Something exciting is expected to take place starting next month. The largest independent chip foundry in the world, Taiwan Semiconductor Manufacturing Company (TSMC) is expected to kickoff production of integrated circuits made using its 5nm process. The lower the process number, the larger the number of transistors that fit inside a chip which increases the performance and decreases the energy consumption of these components.
TSMC takes designs created by other firms and does the actual manufacturing of a chip. Its customers include some of the biggest names in technology such as Apple, Huawei, Qualcomm, and MediaTek. For example, TSMC produces the A13 Bionic SoC used inside Apple's 2019 iPhone models. This chip, made using the 7nm node, contains 8.5 billion transistors. The A14 Bionic, which will be powering the 2020 5G iPhone line, will be manufactured using the 5nm process and each chip is expected to contain 15 billion transistors. The chip density for 5nm chips (the number of transistors per square mm) will rise 84% to 171.3 million. Believe it or not, that is actually less than the 100% density hike called for by Moore's Law, an observation made by Intel co-founder Gordon Moore back in the 1960s. The "Law" calls for this figure to double every other year.
TSMC, Samsung have roadmaps for 3nm chips as soon as 2022
In addition to Apple, Huawei's next Kirin chipset (known for now as the Kirin 1020) will roll off of the 5nm assembly line later this year, just in time to power the outfit's most technologically advanced phone series of 2020, the Mate 40 line. Unless Qualcomm radically redesigns its 2020 flagship Snapdragon 865 Mobile Platform for the second half of the year, most Android users won't benefit from the latest advancement in chip production until 2021 when phones using the Snapdragon 875 Mobile Platform are released.
It's no surprise that 5nm is the next big thing in tech, but not everyone, save for those in the industry or enthusiasts, know that it was coming. Digitimes is reporting that TMSC has already fully booked all of its 5nm production capacity for this year after the foundry spent $2.5 billion on the process node. Industry sources say that the production of 5nm ICs will start next month.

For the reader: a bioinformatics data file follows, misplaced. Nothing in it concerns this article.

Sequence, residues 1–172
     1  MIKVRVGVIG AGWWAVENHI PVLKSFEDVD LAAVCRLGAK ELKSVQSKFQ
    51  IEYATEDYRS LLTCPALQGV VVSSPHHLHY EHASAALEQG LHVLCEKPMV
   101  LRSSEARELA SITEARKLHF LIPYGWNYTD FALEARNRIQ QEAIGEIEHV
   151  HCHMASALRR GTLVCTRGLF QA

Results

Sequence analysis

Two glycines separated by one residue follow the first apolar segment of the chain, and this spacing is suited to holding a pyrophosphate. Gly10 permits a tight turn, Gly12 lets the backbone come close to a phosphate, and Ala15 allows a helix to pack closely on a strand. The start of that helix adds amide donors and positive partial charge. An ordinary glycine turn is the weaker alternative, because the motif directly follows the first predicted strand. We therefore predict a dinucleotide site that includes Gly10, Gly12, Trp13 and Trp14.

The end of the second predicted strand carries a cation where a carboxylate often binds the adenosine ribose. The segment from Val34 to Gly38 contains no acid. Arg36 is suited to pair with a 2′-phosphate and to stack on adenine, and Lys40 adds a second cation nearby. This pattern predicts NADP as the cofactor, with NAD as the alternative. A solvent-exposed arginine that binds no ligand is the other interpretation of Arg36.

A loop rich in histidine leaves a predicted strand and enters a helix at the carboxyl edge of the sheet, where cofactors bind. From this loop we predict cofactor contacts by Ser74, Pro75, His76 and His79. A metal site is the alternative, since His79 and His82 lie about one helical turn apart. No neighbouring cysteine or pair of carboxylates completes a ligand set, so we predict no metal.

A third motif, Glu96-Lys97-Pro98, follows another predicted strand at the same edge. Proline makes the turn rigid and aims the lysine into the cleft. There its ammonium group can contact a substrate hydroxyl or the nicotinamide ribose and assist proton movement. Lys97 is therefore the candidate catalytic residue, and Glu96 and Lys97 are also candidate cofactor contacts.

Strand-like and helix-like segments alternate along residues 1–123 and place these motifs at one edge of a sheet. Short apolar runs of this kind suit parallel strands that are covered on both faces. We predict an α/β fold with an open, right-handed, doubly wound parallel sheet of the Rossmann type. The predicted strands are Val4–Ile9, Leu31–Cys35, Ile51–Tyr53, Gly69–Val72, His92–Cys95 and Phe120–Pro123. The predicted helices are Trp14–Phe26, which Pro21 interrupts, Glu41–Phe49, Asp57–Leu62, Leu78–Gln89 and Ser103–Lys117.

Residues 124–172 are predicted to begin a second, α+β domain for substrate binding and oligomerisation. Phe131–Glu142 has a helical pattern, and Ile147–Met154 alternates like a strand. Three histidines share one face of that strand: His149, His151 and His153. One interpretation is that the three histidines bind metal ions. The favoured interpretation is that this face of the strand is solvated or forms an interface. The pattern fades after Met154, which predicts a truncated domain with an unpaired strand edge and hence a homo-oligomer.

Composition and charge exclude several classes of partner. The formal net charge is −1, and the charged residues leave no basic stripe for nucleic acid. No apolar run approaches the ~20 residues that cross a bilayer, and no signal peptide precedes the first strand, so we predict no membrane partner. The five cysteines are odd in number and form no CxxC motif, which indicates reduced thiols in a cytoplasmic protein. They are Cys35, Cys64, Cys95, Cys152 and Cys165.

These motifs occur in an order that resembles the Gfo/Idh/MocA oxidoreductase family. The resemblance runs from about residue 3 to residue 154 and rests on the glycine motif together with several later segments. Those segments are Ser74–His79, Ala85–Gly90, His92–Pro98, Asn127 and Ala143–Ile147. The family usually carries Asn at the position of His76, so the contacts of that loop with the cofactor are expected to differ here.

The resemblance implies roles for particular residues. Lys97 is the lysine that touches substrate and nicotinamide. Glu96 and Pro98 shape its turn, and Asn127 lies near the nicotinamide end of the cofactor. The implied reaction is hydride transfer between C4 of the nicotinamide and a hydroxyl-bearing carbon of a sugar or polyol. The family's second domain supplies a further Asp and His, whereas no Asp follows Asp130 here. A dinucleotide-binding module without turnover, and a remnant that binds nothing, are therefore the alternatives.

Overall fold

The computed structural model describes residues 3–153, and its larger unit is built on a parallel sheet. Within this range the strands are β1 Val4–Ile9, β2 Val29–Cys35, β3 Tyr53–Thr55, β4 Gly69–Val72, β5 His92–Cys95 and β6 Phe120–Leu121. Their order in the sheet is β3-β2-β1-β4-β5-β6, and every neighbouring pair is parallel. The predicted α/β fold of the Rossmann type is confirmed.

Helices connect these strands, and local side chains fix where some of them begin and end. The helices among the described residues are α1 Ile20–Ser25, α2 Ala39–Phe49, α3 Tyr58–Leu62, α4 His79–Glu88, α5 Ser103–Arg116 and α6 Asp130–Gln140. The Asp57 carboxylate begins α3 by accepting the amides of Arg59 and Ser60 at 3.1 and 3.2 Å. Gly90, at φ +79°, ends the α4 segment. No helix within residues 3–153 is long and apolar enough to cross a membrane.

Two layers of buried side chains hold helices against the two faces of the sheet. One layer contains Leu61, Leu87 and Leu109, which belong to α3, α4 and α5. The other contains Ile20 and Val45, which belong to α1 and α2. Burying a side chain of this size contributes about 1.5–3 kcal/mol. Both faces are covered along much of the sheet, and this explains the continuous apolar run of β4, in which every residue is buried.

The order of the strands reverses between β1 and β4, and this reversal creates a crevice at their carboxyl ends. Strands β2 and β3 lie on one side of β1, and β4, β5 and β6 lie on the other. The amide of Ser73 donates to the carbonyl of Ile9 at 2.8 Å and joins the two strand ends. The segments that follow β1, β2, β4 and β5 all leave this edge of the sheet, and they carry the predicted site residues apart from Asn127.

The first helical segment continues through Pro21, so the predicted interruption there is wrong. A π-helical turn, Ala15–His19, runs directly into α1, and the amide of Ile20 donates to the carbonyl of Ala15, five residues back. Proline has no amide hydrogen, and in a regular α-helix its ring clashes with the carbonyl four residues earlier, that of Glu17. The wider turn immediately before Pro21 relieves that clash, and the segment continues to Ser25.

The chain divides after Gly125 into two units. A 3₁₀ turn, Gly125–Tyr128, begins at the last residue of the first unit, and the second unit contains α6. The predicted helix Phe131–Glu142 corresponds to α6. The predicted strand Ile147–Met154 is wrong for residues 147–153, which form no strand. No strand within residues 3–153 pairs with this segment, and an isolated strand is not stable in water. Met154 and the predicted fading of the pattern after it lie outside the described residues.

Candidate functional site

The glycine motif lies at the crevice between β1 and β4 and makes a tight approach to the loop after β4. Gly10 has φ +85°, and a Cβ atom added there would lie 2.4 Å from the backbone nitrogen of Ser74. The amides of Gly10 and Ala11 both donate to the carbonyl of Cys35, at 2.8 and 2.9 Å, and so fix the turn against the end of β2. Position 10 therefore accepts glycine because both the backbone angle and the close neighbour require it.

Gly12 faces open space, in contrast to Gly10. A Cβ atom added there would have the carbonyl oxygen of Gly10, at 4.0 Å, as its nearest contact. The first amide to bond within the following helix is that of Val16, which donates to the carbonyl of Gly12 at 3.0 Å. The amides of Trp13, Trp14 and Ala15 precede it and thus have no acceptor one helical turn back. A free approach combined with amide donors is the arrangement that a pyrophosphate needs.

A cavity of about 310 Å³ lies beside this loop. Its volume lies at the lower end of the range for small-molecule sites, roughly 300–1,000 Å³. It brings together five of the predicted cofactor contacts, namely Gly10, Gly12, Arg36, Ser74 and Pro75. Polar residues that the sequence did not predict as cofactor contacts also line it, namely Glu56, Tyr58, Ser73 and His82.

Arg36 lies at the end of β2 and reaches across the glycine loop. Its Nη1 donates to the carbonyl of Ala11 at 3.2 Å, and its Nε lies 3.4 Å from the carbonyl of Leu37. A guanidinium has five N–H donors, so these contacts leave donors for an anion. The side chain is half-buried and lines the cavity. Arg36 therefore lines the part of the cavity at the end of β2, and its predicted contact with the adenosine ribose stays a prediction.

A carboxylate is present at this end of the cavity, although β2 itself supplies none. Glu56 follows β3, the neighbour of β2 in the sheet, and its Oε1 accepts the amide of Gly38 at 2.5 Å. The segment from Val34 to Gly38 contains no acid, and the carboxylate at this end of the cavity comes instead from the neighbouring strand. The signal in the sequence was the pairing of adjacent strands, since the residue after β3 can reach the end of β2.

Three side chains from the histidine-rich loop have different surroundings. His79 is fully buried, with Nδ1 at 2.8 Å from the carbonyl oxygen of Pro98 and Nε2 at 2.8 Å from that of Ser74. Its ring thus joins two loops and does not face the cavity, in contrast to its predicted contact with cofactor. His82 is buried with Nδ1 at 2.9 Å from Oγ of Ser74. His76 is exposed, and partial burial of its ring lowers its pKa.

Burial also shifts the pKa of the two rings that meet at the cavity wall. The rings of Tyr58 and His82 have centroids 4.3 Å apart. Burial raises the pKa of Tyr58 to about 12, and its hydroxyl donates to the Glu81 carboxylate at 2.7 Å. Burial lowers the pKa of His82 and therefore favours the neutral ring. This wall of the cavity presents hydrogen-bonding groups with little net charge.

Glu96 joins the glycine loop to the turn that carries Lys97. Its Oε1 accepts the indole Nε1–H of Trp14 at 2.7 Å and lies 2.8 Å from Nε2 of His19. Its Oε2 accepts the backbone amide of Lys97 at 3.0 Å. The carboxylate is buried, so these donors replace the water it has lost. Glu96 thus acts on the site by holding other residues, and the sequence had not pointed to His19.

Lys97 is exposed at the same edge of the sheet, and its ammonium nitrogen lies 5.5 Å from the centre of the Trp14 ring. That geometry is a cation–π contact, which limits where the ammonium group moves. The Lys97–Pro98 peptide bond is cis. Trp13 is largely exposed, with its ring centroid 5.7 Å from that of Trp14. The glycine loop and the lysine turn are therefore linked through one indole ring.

Earlier today, we told you that Samsung is the midst of putting together its own 5nm production lines. The second-largest foundry in the world after TSMC, Samsung expects to start churning out 5nm ICs by this summer. Both TSMC and Samsung have roadmaps taking them to 3nm production which could start rolling off of assembly lines as soon as 2022. During last year's Samsung Foundry Forum, the company said that 3nm chips could deliver performance increases of up to 35% while consuming 50% less power compared to the current 7nm chips in use today.
Digitimes notes that Qualcomm rival MediaTek says that it has increased its revenue for the first two months of the year by over 25% on an annual basis. The company generated $1.01 billion USD in gross thanks to shipments of its 5G Dimesnity chips. Once again citing the anonymous "industry sources," the report says that shipments of these ICs are stronger than expected especially in the face of the coronavirus.
That is not to say that the pandemic isn't affecting the wireless industry. Last month, TSMC reported its lowest monthly revenue figure since August 2019 as the company took in $3.1 billion USD for February. While that was up 53.4% year-over-year, the figure was down 9.9% from January. For the first two months of the year, TSMC has reported revenue totaling $6.5 billion USD, up 41.8% on an annual basis. This month, TSMC expects revenue to exceed $3.34 billion USD as it earlier forecast first-quarter gross of $10.2-$10.3 billion USD. That would be a very small decline from last year's fourth-quarter total.